In the contemporary world, we have so many examples of such state leaders especially in Africa who have attempted to manage all aspects of government business but have ended up getting sidetracked from the long term strategic state goals. Recent events in Uganda explain this scenario better – the president seems to have lately defined himself as the sole figure of 'solution' in the country. It would be rather different if the Presidency attempted to identify itself as capable of solving all crises that come up. In other words the presidency might be powerless but the president is all powerful. When the teachers, traders, doctors, journalists, lawyers, have issues in their respective lines of duty, it's not their immediate supervising authorities that have to deal with their problems but rather it takes the direct intervention of the president. Well, this would have been branded 'effectiveness' if the president was providing conclusive interventions but in a situation where the president's intervention is widely perceived as a mere 'ceremonial' gesture, then it paints a different picture. Actually some people could possibly have been right to think that some government officials such as ministers are not professionally trusted by their appointing authorities to preside over ministerial business.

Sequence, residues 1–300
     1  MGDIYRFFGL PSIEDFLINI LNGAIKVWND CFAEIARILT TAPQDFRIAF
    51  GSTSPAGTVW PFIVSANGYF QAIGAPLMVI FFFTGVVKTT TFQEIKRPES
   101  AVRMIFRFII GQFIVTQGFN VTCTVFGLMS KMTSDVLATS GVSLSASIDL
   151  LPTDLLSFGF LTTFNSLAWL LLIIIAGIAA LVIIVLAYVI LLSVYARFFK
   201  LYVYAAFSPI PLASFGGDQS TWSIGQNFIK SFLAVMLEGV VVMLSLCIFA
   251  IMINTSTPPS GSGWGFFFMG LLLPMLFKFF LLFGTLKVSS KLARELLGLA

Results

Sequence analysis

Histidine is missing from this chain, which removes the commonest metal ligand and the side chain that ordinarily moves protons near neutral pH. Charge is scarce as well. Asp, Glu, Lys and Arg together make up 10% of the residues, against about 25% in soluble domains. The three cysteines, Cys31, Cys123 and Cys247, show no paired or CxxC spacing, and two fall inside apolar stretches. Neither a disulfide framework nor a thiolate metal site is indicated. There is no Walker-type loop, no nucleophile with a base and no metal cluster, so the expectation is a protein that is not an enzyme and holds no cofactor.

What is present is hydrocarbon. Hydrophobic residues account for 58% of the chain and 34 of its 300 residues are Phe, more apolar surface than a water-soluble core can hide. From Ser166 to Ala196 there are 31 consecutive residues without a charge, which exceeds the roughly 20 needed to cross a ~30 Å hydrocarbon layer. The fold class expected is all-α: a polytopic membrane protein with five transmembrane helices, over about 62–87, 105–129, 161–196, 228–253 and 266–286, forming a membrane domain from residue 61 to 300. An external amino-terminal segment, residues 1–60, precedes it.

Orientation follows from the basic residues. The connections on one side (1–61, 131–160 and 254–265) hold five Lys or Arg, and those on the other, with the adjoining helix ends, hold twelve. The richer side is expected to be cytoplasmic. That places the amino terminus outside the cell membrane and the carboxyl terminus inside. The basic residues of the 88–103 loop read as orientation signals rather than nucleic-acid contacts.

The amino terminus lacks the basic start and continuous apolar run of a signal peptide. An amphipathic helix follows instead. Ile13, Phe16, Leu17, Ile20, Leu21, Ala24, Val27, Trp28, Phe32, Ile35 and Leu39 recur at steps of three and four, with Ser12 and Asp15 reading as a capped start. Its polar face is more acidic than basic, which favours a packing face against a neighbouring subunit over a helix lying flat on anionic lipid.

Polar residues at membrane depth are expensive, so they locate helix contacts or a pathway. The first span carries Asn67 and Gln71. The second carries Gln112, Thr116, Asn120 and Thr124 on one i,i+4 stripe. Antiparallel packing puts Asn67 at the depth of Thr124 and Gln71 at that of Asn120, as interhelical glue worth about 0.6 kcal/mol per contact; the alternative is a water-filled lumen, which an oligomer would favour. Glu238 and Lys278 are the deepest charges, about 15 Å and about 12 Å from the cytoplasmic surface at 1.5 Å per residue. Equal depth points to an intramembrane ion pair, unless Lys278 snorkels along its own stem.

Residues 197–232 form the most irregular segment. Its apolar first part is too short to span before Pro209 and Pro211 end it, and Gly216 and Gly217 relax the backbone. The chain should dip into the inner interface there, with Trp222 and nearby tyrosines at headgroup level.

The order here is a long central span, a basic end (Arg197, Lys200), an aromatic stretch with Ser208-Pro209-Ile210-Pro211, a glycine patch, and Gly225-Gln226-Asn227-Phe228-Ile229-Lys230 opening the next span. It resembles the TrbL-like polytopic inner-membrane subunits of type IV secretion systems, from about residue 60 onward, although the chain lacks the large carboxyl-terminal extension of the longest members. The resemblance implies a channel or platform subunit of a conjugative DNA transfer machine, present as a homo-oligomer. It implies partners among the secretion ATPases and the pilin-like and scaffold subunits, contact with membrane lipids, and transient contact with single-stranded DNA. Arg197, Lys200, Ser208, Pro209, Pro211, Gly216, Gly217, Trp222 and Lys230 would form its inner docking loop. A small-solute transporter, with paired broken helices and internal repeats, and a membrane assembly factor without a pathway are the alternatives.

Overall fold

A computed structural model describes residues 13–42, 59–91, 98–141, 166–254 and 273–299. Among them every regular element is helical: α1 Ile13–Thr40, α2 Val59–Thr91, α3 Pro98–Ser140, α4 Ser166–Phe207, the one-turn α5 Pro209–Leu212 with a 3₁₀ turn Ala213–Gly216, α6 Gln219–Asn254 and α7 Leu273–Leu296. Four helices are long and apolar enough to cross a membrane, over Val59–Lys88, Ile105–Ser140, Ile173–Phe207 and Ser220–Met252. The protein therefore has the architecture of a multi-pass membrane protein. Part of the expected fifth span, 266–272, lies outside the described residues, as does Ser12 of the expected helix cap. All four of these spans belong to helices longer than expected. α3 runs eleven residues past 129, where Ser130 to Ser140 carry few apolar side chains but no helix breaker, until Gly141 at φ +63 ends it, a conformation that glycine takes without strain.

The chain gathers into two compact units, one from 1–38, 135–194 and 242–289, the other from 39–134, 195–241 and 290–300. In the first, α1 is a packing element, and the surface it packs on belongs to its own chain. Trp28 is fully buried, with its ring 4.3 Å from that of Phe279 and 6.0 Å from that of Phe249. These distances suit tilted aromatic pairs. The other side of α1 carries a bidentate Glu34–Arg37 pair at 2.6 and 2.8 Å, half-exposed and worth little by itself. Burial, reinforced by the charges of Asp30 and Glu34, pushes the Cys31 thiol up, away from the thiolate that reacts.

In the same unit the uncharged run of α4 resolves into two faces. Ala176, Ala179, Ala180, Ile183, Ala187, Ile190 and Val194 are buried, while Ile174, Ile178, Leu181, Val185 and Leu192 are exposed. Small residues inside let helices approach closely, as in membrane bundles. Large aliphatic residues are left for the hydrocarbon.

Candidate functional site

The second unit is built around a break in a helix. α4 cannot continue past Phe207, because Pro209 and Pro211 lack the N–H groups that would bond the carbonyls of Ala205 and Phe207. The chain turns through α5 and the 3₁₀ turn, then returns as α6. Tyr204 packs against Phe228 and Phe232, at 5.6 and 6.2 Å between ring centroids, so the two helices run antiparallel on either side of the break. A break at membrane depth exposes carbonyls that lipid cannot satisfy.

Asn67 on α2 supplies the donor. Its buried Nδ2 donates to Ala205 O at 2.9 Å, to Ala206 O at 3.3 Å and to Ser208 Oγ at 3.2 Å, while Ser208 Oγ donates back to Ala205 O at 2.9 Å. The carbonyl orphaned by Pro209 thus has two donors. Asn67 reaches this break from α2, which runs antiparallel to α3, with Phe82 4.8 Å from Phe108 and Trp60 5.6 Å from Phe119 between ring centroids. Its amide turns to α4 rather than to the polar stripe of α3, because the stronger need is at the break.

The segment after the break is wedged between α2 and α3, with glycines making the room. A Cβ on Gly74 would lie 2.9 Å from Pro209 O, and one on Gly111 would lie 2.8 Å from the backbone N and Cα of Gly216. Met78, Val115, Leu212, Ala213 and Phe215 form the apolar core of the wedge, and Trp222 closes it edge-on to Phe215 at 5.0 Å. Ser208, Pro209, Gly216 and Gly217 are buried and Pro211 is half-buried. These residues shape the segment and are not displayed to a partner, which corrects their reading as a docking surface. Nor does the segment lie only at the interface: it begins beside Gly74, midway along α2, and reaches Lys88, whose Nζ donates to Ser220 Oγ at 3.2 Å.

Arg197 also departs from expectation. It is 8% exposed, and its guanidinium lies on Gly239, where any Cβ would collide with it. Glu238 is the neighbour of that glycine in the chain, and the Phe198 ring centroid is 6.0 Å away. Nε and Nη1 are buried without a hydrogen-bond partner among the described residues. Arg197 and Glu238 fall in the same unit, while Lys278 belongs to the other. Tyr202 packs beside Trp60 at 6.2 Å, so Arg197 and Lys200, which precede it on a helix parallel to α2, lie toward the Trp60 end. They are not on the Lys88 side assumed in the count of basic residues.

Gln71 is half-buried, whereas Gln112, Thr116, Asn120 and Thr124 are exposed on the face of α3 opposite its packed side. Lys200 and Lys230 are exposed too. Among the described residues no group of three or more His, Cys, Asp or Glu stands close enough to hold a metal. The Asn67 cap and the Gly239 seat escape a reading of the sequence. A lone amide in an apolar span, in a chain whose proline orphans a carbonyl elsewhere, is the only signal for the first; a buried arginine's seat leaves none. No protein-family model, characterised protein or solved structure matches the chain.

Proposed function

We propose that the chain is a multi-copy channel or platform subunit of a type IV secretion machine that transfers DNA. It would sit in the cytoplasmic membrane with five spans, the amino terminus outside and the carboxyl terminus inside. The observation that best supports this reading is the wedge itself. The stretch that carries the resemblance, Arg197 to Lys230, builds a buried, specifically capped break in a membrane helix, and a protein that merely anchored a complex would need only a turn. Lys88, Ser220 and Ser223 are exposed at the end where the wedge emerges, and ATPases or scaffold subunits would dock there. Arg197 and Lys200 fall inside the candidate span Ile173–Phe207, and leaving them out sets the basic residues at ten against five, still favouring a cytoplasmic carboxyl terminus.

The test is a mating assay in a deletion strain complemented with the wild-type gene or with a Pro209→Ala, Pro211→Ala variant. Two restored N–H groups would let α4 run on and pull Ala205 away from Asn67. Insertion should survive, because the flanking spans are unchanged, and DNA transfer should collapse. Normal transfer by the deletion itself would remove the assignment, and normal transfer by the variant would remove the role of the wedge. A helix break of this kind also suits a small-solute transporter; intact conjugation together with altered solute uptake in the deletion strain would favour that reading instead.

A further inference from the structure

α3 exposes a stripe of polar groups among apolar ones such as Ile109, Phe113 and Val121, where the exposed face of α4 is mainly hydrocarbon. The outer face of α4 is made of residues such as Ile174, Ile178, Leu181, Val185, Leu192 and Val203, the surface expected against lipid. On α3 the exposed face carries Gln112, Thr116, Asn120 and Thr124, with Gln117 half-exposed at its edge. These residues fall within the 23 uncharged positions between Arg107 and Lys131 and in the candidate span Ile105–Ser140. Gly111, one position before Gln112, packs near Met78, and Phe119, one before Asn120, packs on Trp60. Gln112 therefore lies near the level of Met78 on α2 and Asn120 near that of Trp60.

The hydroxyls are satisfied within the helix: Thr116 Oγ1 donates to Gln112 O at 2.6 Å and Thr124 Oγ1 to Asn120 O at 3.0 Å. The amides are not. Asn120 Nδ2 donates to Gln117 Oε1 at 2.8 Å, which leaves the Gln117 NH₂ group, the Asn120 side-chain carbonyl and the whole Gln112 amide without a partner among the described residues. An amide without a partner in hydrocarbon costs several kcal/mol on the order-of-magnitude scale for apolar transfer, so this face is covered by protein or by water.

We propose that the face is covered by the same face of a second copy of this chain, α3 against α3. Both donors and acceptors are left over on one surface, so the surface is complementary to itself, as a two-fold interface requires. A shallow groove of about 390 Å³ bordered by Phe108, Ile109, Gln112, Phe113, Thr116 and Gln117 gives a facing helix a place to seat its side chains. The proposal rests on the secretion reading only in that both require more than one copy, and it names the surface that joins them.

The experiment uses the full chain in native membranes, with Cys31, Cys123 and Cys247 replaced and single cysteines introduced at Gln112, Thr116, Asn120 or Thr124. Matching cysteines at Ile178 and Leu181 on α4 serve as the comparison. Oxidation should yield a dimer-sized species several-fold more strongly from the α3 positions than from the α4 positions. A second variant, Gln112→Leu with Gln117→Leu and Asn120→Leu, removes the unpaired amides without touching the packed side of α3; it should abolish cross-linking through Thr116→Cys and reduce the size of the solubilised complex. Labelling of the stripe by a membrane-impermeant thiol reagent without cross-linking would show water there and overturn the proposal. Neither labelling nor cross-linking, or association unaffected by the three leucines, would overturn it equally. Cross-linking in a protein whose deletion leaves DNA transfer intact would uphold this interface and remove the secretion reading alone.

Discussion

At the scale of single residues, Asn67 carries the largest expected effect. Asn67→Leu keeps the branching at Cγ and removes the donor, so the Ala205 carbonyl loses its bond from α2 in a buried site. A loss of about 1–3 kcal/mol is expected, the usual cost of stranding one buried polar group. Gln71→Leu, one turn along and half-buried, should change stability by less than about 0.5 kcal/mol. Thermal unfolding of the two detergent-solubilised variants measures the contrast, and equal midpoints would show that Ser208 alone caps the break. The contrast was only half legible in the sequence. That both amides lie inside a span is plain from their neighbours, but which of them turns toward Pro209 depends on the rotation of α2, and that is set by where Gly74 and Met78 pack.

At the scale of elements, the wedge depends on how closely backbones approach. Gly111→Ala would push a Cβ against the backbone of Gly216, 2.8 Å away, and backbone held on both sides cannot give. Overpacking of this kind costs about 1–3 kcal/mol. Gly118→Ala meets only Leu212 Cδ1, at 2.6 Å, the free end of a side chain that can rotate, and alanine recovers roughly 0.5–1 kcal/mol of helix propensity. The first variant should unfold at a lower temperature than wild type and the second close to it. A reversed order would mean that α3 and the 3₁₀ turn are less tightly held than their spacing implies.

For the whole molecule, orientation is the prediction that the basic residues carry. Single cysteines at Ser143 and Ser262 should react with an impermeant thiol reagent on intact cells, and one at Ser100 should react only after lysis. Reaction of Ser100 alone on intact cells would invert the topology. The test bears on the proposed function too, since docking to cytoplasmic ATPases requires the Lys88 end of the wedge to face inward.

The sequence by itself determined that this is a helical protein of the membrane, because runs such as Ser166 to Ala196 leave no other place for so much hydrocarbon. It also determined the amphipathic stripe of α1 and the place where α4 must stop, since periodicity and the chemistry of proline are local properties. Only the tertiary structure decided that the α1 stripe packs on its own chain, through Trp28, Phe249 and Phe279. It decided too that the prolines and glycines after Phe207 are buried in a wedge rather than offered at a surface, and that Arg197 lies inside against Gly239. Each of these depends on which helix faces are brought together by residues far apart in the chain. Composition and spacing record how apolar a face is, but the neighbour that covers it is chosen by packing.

Leaders must discern the importance and the need for the existence of structures as well as credible people to work with. If a leader cannot trust his or her appointees to tackle the range of state issues, then possibly one could aptly presuppose that, that leader has crossed into the seventh age of the leadership cycle. As political analyst, Gwada Ogot puts it, "no single leader can be the all solving hammer".